Journal Information
Vol. 46. Issue 5.
Pages 290-291 (May 2022)
Letter to the Editor
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Temporary pacing with active fixation leads: Should the femoral approach be the access of choice?
Marcapasos transitorios con electrodos de fijación activa: ¿debe ser la vía femoral el acceso de elección?
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N. Pueyo-Balsells, P. Irigaray, I. Calaf, D. Fernández-Rodríguez
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Hospital Universitari Arnau de Vilanova de Lleida, IRBLLeida (Institut de Recerca Biomèdica de Lleida), Lleida, Spain
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Dear Editor,

We wish to congratulate Keituqwa Yáñez et al.1 for publishing the first series on transvenous temporary cardiac pacing using an active-fixation permanent pacemaker electrode via femoral access. The authors confirm the information that–compared to the passive-fixation ones– active-fixation permanent pacemakers minimize one the main complications: electrode displacement.2 The authors say that with femoral access the venous access commonly used can be spared for definitive pacemaker implantation without more infections and with a minimum percentage of puncture related complications.1

Although this study has some limitations due its retrospective nature, here are a few comments on the femoral access:

  • 1

    Puncture related complications: the authors describe only 1 complication associated with puncture.1 However, the appearance of these complications largely depends on the technique used rather than the access route.2,3 Ultrasound-guided vascular accesses have simplified the technique and minimized complications. Compared to subclavian access ultrasound-guided internal jugular access facilitates fast catheterizations and reduces pulmonary complications like pneumothorax or hemothorax. Also, it minimizes vascular complications compared to x-ray guided punctures or punctures guided by anatomical references.2,3 Similarly, jugular access would facilitate the access of electrodes to the right ventricle making the entire procedure much easier.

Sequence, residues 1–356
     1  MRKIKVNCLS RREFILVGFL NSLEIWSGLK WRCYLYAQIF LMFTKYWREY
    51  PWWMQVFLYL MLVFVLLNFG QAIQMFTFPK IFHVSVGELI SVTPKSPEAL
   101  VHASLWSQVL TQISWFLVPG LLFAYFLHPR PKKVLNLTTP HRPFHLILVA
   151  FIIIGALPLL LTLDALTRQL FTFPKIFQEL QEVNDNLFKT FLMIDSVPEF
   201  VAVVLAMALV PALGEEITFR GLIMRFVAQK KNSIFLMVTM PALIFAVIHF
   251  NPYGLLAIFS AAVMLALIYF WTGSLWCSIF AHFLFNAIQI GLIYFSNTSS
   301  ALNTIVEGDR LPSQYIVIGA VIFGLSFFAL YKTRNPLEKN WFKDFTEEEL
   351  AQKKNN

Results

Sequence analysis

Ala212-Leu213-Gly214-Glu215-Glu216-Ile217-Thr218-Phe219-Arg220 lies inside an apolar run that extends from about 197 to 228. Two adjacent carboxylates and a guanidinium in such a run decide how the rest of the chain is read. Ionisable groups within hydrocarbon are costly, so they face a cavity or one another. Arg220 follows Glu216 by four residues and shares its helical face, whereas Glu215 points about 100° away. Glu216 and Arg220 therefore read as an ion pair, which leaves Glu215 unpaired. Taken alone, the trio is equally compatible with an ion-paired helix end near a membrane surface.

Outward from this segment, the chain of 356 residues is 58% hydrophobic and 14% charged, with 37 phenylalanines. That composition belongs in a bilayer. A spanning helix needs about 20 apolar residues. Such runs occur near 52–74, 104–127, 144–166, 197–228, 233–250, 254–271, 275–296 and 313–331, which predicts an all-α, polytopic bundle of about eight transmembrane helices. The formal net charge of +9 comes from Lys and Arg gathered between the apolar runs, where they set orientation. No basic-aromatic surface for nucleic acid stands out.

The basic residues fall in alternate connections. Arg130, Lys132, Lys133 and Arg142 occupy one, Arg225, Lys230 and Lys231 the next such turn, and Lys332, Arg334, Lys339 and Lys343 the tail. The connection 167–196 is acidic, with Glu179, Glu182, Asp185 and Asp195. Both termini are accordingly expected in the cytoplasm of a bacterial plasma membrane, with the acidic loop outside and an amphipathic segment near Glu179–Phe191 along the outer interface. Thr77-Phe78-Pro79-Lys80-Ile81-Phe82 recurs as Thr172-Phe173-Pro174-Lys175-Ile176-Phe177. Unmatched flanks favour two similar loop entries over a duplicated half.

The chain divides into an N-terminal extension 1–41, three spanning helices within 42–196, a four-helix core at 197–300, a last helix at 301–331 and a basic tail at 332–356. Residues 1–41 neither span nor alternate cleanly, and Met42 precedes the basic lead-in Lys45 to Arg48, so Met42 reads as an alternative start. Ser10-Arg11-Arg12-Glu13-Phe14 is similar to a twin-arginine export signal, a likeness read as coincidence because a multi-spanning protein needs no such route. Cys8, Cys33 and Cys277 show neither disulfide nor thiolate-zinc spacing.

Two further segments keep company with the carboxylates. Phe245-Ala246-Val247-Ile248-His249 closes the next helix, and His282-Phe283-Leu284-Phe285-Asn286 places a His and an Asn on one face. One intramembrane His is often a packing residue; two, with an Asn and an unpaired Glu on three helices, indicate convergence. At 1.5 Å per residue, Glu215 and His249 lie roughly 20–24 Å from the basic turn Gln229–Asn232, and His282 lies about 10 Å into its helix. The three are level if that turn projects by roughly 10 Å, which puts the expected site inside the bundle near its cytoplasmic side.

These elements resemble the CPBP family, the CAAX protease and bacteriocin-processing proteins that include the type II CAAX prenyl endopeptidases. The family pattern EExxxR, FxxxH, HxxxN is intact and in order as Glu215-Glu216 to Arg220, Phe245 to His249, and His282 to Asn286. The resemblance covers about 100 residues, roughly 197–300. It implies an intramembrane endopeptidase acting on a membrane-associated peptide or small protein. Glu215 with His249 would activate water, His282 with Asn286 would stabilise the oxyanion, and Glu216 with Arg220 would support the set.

• 2

    Venous access preservation: most permanent pacemakers are often implanted via left subclavian access even in patients who previously require transient pacemakers. Although femoral access would prevent upper extremity thrombosis, the big picture is that the forseeable effect would be marginal as confirmed by the fact that most patients included in the jugular access series would be implanted with a permanent pacemaker.2

  • 3

    Infections and thromboembolisms: it is well-known that femoral electrodes are associated with local infection and sepsis, as well as deep vein thrombosis and pulmonary embolism. Authors report on the limited appearance of infections and lack of thrombotic events. Providing information on whether infectious or thromboembolic prophylaxis was used could shed light on how to understand the study much better.4,5

  • 4

    Delay until definitive pacemaker implantation: finally, we would like to say that most complications increase the longer the time until definitive pacemaker implantation. Although the cause of bradyarrhythmia can be reversible, most patients will end up being implanted with a definitive pacemaker. In this study, 32 out of a total of 35 patients (91.4%) received a permanent pacemaker with a mean time elapsed until implantation of 4.9 ± 4.6 days. Although the authors say that it is a short waiting time, minimizing these times–in case of forseeable nonreversible bradyarrhythmias–could lead to fewer complications by just generalizing these procedures.

In conclusion, we agree with the authors on the utility of usingactive-fixation electrodes to prevent electrode displacement. However, based on the information currently available, we believe that ultrasound-guided jugular puncture and the early implantation of definitive devices should be considered the strategy of choice.

References
[1]
I. Keituqwa Yáñez, J. Navarro Martínez, M. García Valiente, F.J. Rodríguez González, S. Nicolás Franco.
Outcomes of temporary pacing via transfemoral externalize active fixation leads.
Med Intensiva., S0210-5691 (2021), pp. 30346-6
[2]
K. Suarez, J.E. Banchs.
A review of temporary permanent pacemakers and a comparison with conventional temporary pacemakers.
J Innov Card Rhythm Manag., 10 (2019), pp. 3652-3661
[3]
L.A. Ferri, A. Farina, L. Lenatti, F. Ruffa, G. Tiberti, L. Piatti, et al.
Emergent transvenous cardiac pacing using ultrasound guidance: a prospective study versus the standard fluoroscopy-guided procedure.
Eur Heart J Acute Cardiovasc Care., 5 (2016), pp. 125-129
[4]
G. Peters, F. Saborowski, R. Locci, et al.
Investigations on staphylococcal infection of transvenous endocardial pacemaker electrodes.
Am Heart J., 108 (1984), pp. 359-365
[5]
A.J. Nolewajka, M.D. Goddard, T.C. Brown.
Temporary transvenous pacing and femoral vein thrombosis.
Circulation., 62 (1980), pp. 646-650

Please cite this article as: Pueyo-Balsells N, Irigaray P, Calaf I, Fernández-Rodríguez D. Marcapasos transitorios con electrodos de fijación activa: ¿debe ser la vía femoral el acceso de elección? Med Intensiva. 2022;46:290–291.

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